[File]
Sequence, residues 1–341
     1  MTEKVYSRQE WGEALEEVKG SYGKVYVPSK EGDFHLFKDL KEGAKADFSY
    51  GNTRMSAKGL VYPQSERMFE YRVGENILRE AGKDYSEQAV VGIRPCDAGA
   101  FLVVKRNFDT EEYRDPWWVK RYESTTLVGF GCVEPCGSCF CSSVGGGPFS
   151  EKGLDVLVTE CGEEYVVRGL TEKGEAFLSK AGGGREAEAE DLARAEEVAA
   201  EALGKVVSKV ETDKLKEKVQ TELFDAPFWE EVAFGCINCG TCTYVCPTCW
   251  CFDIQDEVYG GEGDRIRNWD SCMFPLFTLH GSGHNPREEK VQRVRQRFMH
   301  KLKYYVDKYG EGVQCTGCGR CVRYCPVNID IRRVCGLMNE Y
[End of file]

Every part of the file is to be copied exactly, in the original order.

Sequence, residues 1–341
     1  MTEKVYSRQE WGEALEEVKG SYGKVYVPSK EGDFHLFKDL KEGAKADFSY
    51  GNTRMSAKGL VYPQSERMFE YRVGENILRE AGKDYSEQAV VGIRPCDAGA
   101  FLVVKRNFDT EEYRDPWWVK RYESTTLVGF GCVEPCGSCF CSSVGGGPFS
   151  EKGLDVLVTE CGEEYVVRGL TEKGEAFLSK AGGGREAEAE DLARAEEVAA
   201  EALGKVVSKV ETDKLKEKVQ TELFDAPFWE EVAFGCINCG TCTYVCPTCW
   251  CFDIQDEVYG GEGDRIRNWD SCMFPLFTLH GSGHNPREEK VQRVRQRFMH
   301  KLKYYVDKYG EGVQCTGCGR CVRYCPVNID IRRVCGLMNE Y